What is copyright?
The purpose of copyright is to allow creators who have invested in the independent intellectual effort to gain commercially from their work and therefore stop others from replicating or exploiting the work.
A copyright holder has the exclusive right to make and sell copies of the work, publicly show the work, import or export the work and assign these rights to others.
It should be noted that although copyright protects the work (or an expression of an idea), it does not protect the idea behind that work.
The type of works protected by copyright are:
- Original literary works, for example, novels, instruction manuals, computer programs, lyrics for songs, articles in newspapers and some types of databases, but not names or titles.
- Original dramatic works, including works of dance or mime.
- Original musical works.
- Original artistic works, for example, paintings, engravings, photographs, sculptures, collages, works of architecture, technical drawings, diagrams, maps and logos.
- Published editions of works, for example, the typographical arrangement of a publication.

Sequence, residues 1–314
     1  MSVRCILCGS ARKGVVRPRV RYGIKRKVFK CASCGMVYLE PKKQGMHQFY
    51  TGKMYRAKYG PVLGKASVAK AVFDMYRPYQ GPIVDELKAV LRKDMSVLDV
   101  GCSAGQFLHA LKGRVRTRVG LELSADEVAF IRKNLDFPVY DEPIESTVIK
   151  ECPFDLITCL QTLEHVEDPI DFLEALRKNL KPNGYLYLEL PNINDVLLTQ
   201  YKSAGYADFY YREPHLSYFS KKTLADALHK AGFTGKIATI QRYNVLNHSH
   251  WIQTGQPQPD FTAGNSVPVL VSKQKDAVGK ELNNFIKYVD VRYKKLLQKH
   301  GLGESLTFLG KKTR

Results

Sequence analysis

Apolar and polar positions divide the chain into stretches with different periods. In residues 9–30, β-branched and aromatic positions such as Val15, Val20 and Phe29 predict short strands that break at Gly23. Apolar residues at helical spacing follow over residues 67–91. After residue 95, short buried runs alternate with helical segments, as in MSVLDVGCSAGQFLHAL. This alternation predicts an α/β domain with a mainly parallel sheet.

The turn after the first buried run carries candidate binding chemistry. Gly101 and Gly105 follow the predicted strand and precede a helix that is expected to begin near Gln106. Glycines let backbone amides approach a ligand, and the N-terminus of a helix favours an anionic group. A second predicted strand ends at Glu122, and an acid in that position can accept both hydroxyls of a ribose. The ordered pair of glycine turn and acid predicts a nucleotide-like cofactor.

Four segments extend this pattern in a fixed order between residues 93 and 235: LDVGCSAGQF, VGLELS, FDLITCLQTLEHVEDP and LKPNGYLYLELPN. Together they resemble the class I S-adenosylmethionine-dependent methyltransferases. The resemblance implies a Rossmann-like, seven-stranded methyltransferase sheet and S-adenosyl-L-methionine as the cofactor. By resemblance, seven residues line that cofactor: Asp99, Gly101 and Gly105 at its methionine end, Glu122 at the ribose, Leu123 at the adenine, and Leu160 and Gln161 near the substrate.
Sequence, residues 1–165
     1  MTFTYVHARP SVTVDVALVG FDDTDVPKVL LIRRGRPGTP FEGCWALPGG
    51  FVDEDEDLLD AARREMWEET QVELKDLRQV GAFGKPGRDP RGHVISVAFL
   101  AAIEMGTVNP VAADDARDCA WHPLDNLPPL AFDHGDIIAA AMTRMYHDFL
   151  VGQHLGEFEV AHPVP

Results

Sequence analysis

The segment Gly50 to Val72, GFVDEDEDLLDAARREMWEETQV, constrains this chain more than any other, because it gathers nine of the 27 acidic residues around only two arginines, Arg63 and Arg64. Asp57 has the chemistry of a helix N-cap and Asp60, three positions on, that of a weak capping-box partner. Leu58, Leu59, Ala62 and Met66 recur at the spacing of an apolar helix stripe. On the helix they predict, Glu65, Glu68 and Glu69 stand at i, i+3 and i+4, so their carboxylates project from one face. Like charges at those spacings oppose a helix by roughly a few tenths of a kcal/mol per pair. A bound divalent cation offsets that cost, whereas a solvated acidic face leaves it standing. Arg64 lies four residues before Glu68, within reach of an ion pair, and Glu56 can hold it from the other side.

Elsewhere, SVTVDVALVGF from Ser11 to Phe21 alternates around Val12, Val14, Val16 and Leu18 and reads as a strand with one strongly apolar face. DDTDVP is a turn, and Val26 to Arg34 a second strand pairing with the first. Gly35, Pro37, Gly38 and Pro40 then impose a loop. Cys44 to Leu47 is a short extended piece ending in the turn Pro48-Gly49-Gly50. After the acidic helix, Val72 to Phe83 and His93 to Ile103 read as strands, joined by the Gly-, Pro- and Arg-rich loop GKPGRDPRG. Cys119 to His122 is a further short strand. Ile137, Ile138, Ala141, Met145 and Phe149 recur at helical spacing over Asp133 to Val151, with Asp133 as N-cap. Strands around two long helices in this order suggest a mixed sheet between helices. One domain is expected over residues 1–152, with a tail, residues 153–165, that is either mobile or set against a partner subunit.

- Sound recordings, which may be recordings on any medium, for example, tape or compact disc, and maybe recordings of other copyright works, for example, musical or literary.
- Films, including videos.
How do I prove the work is mine? If your work is valuable it may be an idea to deposit a copy of the work with a bank or solicitor to prove the date of origin.
Copyright is an unregistered right since it does not work in the same way as say, patents or registered trademarks, which are registered to a central database. Copyright protection is automatic as soon as the creator's work has been recorded in any form (on paper, sound recording, film or online).
Marking your copyright work with the copyright symbol © followed by your name and the date will warn others against copying it, but it is not legally essential in the UK. If your work is published on a website it's a good idea to set out the extent to which you're happy someone uses copyright material elsewhere without your permission. For example, if you're a journalist and you're happy that others use 250 words so long as there's a link to your site/blog.
More on legal issues.